Battle for Sirte: NTC forces battle house by house
Libya's new regime forces were moving in for the kill against Moamer Gathafi's remaining diehards in Sirte Tuesday as they battled house by house towards the heart of the fallen leader's hometown.
But the loyalists were putting up fierce resistance and in their other remaining bastion, Bani Walid, they mounted a fightback, killing 17 National Transitional Council fighters.
The interim ruling NTC has been waiting for Sirte's full capture to declare the liberation of the whole of Libya, clearing the way to draw up a timetable for elections.
Early Tuesday, machinegun fire clattered through the streets as NTC fighters regrouped at a mosque, drinking tea before going back into battle, an AFP reporter said.
Wissam bin Ahmid, commander of NTC forces at Sirte's eastern front, said they were close to overrunning the entire city but still feared for the safety of many civilians too scared to flee the fighting.
"There remains still two square kilometres (0.8 square mile) to take to free the city completely," Ahmid said."There are still some snipers. But our main worry are the families still in the city who are too afraid to leave their houses as the snipers are using them as firing posts," he said.
On Monday, the third day of what commanders had touted as a final assault, NTC troops captured Sirte's showpiece conference centre, university campus and hospital on Sunday, AFP correspondents said.
The battle was ferocious, with the NTC fighters coming under heavy rocket and small arms fire as they inched forward house by house, while snipers fired on them from rooftops.
"The revolutionaries are less than one kilometre from the central square. We control about 90 percent of Sirte," said Makhluf el-Ferjani of the Sirte military council.
But the military gains came at a heavy price, with medics reporting 13 dead and 90 wounded on the western side of Sirte alone.
The bodies of another four NTC fighters were recovered from the city's Ibn Sina hospital following its capture from Gathafi's forces.
The hospital's upper floors were blasted after a massive firefight broke out late on Sunday, with intense machinegun and rocket fire.
"It's chaotic," said Red Cross spokeswoman Dibeh Fakhr, as medics wheeled patients out on beds and shells rocked the area.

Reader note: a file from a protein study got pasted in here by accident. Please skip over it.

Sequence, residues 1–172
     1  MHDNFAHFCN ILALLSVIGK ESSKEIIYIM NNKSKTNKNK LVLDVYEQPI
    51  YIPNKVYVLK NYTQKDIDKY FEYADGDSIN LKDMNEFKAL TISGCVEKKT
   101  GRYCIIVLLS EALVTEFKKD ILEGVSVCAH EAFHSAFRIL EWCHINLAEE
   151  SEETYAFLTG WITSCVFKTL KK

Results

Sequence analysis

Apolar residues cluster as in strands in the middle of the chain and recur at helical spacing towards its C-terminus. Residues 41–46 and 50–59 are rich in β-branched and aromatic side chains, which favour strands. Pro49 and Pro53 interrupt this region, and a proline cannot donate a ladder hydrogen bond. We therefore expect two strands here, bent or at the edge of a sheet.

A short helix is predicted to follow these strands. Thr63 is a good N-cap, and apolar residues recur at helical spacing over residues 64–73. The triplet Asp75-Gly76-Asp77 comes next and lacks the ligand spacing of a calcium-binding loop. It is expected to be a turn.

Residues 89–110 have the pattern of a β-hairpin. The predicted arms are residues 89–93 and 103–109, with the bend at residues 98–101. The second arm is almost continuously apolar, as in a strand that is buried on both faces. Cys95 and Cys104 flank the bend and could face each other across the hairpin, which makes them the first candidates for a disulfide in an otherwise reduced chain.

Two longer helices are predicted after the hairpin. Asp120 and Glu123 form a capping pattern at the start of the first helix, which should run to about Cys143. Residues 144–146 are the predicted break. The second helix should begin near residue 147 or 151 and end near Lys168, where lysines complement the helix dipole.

A convoy of nine vehicles, including four large trucks, waited outside to ferry the patients out of the war zone.
"This is not a functioning hospital. The patients need evacuation because the wards have all been hit. There were three doctors here last week, but yesterday there was just one."
The wounded were still on beds in the corridors, all of them men of fighting age whom the NTC fighters accuse of being Gathafi's loyalists -- something they denied.
"They think I was with the Gathafi fighters but it was just an accident," said Abdullah Mohammed Faraj, a 24-year-old with a stump for a right arm. Beside him an NTC fighter said: "Tell the truth. Be a soldier. Be a man."
In Bani Walid, a desert oasis 170 kilometres (105 miles) southeast of Tripoli, the military said NTC fighters withdrew from forward positions in a "tactical pullback" after intense fighting on Sunday. "We lost 17 fighters in fierce clashes on Sunday and our forces have withdrawn from the airport where they had taken control," said Salem Gheith, head of the NTC military command centre in the capital. "We've received reinforcements from Tripoli and the Nafusa mountains, and we will resume the offensive," he added
Regional NTC commander Yunes Mussa announced the airport's capture on Sunday, before the fightback by pro-Gathafi forces. The ferocity of the resistance in Sirte and Bani Walid has surprised Libya's new regime.
At least 70 NTC fighters have been killed and hundreds wounded since Friday when they launched a final push on Sirte after several days of NATO air strikes to soften up pro-Gathafi positions.
NATO said its warplanes struck three armed vehicles in Bani Walid on Sunday, and its secretary general, Anders Fogh Rasmussen, said the alliance was close to terminating its mission in Libya. "We are pretty close to the very end of this operation," Rasmussen said in Bucharest.
Rasmussen said despite the NTC's advances in Sirte, NATO "had no knowledge of the colonel's whereabouts," adding that Gathafi "is not a target of our operation."
NTC commanders believe one of Gathafi's sons, Mutassim, is in Sirte and that another, Seif al-Islam, once seen as the former strongman's successor, is hiding in Bani Walid, possibly with his father.
In a sign of growing diplomatic confidence, Libya's interim government said it recognises the Syrian National Council, a broad grouping of regime opponents officially assembled in Istanbul on October 2.
"The National Transitional Council has decided after a meeting today to recognise the Syrian National Council as the sole legitimate government in Syria," NTC member Mussa al-Koni told a news conference in Tripoli.